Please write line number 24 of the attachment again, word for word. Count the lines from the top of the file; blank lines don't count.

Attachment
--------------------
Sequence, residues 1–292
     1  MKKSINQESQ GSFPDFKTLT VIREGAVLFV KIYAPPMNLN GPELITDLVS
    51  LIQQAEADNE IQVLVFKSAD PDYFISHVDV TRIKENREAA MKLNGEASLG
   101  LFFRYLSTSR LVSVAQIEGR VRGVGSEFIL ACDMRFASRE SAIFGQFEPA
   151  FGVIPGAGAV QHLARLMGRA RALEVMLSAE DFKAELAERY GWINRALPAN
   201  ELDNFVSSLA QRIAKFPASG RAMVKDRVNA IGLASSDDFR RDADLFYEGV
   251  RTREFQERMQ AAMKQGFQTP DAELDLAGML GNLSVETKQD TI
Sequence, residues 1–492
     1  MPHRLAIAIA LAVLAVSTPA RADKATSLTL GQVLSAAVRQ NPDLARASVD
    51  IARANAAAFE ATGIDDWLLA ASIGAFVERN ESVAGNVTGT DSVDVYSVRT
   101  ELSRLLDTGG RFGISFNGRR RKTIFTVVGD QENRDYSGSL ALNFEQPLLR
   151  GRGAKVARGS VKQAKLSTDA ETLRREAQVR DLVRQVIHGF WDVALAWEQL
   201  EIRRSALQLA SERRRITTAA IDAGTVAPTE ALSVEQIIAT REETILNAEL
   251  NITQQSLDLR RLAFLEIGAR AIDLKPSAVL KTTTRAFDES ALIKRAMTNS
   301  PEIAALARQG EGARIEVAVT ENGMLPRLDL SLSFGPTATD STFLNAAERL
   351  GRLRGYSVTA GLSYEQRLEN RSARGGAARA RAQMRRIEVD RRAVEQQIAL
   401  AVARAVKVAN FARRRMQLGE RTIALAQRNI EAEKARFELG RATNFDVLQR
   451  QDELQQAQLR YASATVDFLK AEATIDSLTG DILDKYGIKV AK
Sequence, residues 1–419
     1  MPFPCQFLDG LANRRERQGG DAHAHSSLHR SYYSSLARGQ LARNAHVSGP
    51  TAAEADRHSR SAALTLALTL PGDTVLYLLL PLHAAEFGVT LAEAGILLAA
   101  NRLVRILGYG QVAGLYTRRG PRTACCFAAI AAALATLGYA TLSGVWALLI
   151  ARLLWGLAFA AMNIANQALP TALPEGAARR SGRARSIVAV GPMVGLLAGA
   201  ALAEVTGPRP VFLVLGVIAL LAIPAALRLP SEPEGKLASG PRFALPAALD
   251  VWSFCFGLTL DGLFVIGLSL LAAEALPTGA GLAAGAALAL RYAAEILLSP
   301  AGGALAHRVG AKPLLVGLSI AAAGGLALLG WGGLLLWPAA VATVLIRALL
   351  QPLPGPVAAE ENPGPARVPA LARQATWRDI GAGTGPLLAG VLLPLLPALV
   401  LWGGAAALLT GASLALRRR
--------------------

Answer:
   201  ALAEVTGPRP VFLVLGVIAL LAIPAALRLP SEPEGKLASG PRFALPAALD